Posts from — January 2011
In the waning hours of the tax bill debate last December, the Obama Administration and GOP leaders released the terms for continuing the Bush-era tax cuts. The framework negotiated between the parties initially omitted any reference to extending the renewable energy programs introduced in 2009 under the American Recovery and Reinvestment Act of 2009 (ARRA), which were scheduled to sunset at the end of 2010.
The renewable industry responded ferociously. A media blitz hit overnight, and wind and solar lobbyists huddled with lawmakers on Capitol Hill. Repeated warnings about job loss and the immediate harm to green energy businesses worked. Lawmakers relented and sanctioned a 1-year extension. The windfall? A check from the U.S. Treasury for 30 percent of a project’s qualifying cost.
With the fuss now behind us, we decided to examine one of the more popular renewable subsidy programs to be extended, the Section 1603 cash grants. Our analysis revealed a pattern of rewarding inflated project costs and decreased energy production, while shifting a substantial portion of the development risks to American taxpayers.
Supersubsidy upon Subsidy
Following the collapse of Lehman Brothers in September 2008, tax-based policy incentives lost much of their effectiveness as the number of tax equity investors declined. Provisions under ARRA were designed to fill the void by reducing, and essentially eliminating, the need for tax advantaged investors. The Section 1603 cash grant program enabled developers to secure direct monetary outlays from the Federal government to cover 30 percent of a project’s qualifying cost. (Greenwire October 14). The criteria for receiving the grant were not onerous, and the Treasury Department was prohibited by law from ranking the projects before distributing the funds.
Spanish energy giant Iberdrola Renewables, Inc., which received nearly a billion in cash grants alone, argued the money was crucial to promote jobs and economic opportunity (as if the money spent elsewhere would not have done the same….).
But a preliminary evaluation of the grant outlays published last year found that 61% of the grant money distributed through to March 2010 “likely would have deployed under the PTC [production tax credit] if the grant did not exist.” In many cases, money went to projects that were already under construction, and in some cases already producing electricity. [Read more →]
January 31, 2011 16 Comments
[This interview of Robert L. Bradley Jr. by Stephen Hicks (website here) is part of a series: Part I (Libertarianism and Energy); Part II (Expanding Energy Horizons); and Part III (Enron as a Political Company).]
Kaizen: You mentioned that Enron was also involved in lots of alternative energy sources—wind power, solar power, “green” energy, and that it was one of the first at the political table. Did Enron think that with the right kind of farsighted investment the new energies could be profitable?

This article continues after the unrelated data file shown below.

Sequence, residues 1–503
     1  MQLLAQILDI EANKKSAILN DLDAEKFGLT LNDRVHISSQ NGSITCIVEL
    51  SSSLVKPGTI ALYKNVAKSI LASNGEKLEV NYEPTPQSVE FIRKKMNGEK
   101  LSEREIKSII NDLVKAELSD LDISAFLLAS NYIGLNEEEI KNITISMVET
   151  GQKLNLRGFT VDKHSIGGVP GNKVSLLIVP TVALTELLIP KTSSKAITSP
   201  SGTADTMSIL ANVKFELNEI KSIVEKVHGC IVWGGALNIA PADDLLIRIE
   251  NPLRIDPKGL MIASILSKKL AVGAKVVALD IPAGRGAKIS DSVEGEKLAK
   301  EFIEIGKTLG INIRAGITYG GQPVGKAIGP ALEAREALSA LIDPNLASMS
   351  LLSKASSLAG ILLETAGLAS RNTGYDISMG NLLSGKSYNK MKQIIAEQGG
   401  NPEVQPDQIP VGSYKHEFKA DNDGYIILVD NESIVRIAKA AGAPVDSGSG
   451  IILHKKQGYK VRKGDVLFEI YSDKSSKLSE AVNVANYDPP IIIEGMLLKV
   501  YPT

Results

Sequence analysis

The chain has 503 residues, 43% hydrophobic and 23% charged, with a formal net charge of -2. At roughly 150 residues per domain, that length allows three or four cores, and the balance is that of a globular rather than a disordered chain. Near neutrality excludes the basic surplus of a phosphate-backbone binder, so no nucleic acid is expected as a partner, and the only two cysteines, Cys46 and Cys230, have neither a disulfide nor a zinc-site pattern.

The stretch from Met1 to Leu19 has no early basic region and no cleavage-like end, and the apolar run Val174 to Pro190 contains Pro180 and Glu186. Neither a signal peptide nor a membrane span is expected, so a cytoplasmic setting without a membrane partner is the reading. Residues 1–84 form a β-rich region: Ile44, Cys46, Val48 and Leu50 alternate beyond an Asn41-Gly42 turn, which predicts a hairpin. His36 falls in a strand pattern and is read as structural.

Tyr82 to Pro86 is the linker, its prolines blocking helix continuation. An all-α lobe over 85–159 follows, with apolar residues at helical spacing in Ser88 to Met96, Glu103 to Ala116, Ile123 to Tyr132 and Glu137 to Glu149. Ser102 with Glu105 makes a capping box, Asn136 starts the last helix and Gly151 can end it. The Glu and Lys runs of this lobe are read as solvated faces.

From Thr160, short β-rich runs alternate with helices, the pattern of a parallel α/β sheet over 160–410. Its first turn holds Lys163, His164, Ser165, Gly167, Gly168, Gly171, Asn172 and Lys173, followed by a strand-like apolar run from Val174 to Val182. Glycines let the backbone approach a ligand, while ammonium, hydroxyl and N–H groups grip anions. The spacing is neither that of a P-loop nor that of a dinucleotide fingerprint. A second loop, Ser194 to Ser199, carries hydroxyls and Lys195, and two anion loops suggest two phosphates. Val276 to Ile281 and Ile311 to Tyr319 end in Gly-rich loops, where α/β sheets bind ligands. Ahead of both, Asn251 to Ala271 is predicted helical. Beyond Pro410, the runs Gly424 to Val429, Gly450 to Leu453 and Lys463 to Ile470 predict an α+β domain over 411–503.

Or was this again part of a political strategy: Alternative energy was a political favorite, certainly during the Clinton Administration years, when Al Gore was vice president? So Enron is getting a seat at the table; and whether alternative energy actually succeeds or not, it’s a good business strategy at least in the short term.
Bradley: Enron certainly believed that they could make money at it, but it was a very large public relations, perception, government favor play. Believe me, the fact that the intellectual class is pushing these things and you have Al Gore as vice president and the “greens” in political ascendency in the U.S. and in the EU is huge to Ken Lay’s and Enron’s thinking. If global warming was not an issue, Enron would not have been on that bandwagon.
So NASA’s James Hansen and Al Gore were Enron enablers, in retrospect.
Kaizen: So Enron had a “green” category within its political business model?
Bradley: Absolutely. This is all part of the business model of rent-seeking, political capitalism—and offensive rent-seeking at that. Enron ended up with seven, count ’em seven, profit centers tied to the global warming issue, or more specifically, to government policy setting a price on carbon dioxide.
Kaizen: Was there a division for green energy?
Bradley: Enron Renewable Energy Corporation. At the 2000 Enron Management Conference, Lay announced that Enron was going to be “world’s leading renewable energy company.” It was wind and solar with a little hydro thrown in. I don’t think we ever got into biomass.
Kaizen: How did this begin? Was there a buildup?
Bradley: Enron’s ‘green’ play actually had a noble basis at the very beginning, in that rate base or public-utility regulation penalized natural gas in favor of coal-fired electricity generation, and natural gas was and is cleaner burning than coal. So there was a free-market, environmental angle to promote gas, which Enron exploited to its advantage because it was a natural gas company, not a coal company.
Here is the problem. [Read more →]
January 28, 2011 4 Comments
Some very rational words on energy policy–long needed–have come from Chairman Fred Upton (R-MI) of the House Committee on Energy and Commerce. But will Congress act on them?